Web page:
According to Statistics Netherlands People living in towns and cities were affected more by bicycle theft In very highly urbanized municipalities( 8 percent of inhabitants)Only 26 percent of bicycle thefts in very highly urbanized municipalities were reported.

Bicycles of 5 percent of the Dutch population were stolen in 2008. Only one in three victims reported these thefts to the police. Bike theft on top 5 of thefts
In total registered crimes, 56 percent concerned theft or burglary. Last year’s (2006) top 5 of thefts included: theft from cars, bike thefts, housebreaking, shoplifting, and pickpocketing.

With one in seven, the bike theft rate is even higher among young people. 15 percent of 18 to 24-year-olds. 18 percent, the rate is even higher among students

75% of Amsterdammers own a bike. Amsterdam is home to an estimated 880,000 bikes.

Thieves will steal a bike according to their client’s request, be it a certain model, a man’s or woman’s style, a particular color, or with or without hand breaks. The number of thefts has greatly increased in recent years, from 5.880 in 2008 to 7.880 in 2012.
A recent poll by the newspaper of two thousand Amsterdammers revealed that over 80 per cent has had a bike stolen at least once, with 60 percent having had a bike stolen multiple times.

“Bicycle theft is a real social problem in Amsterdam.”(Alexandra Gowling | Blogger – news reporter)

Amsterdam Demographics

The racial and ethnic makeup of Amsterdam as of 2012 was 49.5% Dutch and 50.5% foreign ancestry. Non-Westerners are concentrated in certain neighborhoods, such as Nieuw-West, Bijlmer, Zeeburg, and Amsterdam-Noord. The Netherlands has been rated among the most unfriendly countries in the world for expatriates by Forbes magazine.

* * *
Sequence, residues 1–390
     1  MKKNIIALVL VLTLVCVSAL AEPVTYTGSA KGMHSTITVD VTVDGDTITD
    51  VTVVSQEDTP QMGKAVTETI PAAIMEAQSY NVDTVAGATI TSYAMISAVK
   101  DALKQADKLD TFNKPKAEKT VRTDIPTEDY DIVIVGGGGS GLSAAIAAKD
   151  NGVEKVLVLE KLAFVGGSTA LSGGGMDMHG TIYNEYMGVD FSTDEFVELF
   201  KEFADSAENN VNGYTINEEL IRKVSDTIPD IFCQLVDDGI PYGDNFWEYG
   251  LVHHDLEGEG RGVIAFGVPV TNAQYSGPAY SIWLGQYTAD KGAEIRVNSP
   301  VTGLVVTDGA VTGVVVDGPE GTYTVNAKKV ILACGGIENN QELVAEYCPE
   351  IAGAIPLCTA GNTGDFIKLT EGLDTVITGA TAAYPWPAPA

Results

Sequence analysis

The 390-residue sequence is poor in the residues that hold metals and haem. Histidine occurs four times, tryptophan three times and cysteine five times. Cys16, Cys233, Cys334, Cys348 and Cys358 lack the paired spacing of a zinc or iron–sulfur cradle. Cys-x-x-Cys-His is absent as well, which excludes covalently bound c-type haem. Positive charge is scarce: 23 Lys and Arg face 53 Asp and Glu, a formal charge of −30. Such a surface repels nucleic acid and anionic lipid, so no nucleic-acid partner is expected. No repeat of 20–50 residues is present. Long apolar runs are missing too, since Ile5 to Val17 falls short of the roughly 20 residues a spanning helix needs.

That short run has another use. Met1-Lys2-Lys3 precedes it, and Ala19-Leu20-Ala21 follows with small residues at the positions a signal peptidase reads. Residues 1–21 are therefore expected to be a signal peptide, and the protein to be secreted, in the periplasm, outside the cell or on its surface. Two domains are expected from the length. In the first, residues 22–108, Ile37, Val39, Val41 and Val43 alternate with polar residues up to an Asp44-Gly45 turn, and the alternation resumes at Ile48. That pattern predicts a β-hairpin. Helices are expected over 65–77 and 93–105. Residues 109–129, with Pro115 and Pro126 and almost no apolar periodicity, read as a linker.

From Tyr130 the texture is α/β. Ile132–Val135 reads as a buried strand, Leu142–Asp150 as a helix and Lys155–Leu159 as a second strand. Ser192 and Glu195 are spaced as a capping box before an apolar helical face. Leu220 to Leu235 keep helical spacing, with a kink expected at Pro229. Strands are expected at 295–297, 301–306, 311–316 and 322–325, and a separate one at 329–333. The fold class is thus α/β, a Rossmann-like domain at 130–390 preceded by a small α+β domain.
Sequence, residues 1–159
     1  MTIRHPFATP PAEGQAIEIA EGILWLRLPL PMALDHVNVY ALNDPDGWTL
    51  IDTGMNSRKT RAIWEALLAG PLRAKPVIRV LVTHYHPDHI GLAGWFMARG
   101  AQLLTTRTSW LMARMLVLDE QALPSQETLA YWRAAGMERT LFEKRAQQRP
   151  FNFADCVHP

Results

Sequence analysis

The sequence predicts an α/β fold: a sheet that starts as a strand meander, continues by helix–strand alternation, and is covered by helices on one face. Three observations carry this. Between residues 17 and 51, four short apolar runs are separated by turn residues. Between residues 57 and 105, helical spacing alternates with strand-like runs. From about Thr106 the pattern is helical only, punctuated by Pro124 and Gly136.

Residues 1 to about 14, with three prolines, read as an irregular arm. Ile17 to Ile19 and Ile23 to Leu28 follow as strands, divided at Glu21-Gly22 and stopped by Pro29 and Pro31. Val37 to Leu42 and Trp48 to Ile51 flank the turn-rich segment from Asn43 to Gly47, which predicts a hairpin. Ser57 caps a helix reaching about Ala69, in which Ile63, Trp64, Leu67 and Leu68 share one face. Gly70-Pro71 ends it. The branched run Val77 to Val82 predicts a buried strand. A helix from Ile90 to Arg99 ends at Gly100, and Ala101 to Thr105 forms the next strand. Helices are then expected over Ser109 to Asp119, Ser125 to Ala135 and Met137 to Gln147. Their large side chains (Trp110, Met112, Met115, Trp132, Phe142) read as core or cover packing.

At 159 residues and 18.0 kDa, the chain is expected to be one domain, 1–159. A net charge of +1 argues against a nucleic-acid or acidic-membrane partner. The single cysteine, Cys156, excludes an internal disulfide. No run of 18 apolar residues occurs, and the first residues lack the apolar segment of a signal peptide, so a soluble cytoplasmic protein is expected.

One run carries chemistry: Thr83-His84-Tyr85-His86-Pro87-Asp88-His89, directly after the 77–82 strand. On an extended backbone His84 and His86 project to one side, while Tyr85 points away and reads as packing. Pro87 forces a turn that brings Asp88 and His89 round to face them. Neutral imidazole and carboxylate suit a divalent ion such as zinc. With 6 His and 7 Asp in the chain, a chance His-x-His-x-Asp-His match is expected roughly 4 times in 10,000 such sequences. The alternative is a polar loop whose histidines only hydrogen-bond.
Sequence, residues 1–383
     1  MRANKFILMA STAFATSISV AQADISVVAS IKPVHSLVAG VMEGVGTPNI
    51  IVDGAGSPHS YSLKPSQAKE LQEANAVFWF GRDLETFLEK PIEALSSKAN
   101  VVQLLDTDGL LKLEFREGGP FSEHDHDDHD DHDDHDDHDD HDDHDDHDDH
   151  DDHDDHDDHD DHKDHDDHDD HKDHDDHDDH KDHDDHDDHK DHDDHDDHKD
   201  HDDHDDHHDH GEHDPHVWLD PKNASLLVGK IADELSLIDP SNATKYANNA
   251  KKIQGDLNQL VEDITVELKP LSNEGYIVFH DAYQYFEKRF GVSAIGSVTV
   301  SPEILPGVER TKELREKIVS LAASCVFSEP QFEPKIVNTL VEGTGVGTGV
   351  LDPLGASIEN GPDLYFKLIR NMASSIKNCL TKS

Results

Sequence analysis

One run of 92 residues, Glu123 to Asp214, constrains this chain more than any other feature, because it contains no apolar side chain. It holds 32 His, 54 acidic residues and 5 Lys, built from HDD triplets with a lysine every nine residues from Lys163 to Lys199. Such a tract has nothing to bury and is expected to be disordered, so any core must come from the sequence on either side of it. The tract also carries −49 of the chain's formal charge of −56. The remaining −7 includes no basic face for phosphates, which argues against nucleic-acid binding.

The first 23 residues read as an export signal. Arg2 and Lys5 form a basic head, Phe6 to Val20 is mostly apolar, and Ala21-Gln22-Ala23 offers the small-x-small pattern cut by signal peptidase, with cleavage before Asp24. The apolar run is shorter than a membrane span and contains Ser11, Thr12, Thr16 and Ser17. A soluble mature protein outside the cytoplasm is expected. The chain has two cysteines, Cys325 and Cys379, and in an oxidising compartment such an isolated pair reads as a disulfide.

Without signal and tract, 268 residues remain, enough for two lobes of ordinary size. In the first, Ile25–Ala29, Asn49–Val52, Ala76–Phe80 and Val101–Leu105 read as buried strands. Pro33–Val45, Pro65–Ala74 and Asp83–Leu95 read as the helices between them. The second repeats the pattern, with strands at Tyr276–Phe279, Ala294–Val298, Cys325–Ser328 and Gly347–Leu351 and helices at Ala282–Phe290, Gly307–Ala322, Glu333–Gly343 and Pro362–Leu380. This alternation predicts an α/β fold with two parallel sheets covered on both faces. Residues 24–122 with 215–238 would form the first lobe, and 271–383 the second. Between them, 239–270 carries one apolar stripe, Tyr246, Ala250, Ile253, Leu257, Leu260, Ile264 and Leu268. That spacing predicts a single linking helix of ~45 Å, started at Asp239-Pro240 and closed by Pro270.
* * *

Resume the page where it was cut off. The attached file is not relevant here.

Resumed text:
Social Movements against racism

“We are all Moroccans!” was the chant that dominated the streets of Amsterdam as an estimated 8,000 people marched against racism in the city.
An image of the impressive M22 Amsterdam anti-racism.

The site boundary is the city of Amsterdam because of two equally important factors. Firstly, the use and ownership of bikes on one hand and the rate of bike theft, on the other hand, are both noticeably high in Amsterdam.  Moreover, as the capital of one of the most unfriendly countries with expatriates and due to its diverse ethnical social context, aversive racism is a known common social disorder.

Mixed conditin

The condition is aversive racism as a social norm while looking at bike theft as a social problem. To elaborate more, it means the privileged image in the city of Amsterdam about the suspects of bike theft is; thieves are more likely to be colored people (with none-western origin). Amsterdamers according to social experiments indicate different behavior facing bike thieves with different ethinical backgrounds. This social experience shows that Amsterdamers get more aggressive concern when see people with non-western origins are cutting bike locks or trying to steal a bike.